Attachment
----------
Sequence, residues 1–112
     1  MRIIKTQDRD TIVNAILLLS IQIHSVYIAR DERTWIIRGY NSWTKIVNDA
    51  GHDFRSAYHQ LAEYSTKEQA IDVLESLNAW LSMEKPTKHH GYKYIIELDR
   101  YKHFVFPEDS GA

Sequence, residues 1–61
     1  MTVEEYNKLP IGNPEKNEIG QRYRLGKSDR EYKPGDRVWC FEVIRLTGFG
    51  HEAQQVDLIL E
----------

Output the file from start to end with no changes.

Sequence, residues 1–112
     1  MRIIKTQDRD TIVNAILLLS IQIHSVYIAR DERTWIIRGY NSWTKIVNDA
    51  GHDFRSAYHQ LAEYSTKEQA IDVLESLNAW LSMEKPTKHH GYKYIIELDR
   101  YKHFVFPEDS GA

Sequence, residues 1–61
     1  MTVEEYNKLP IGNPEKNEIG QRYRLGKSDR EYKPGDRVWC FEVIRLTGFG
    51  HEAQQVDLIL E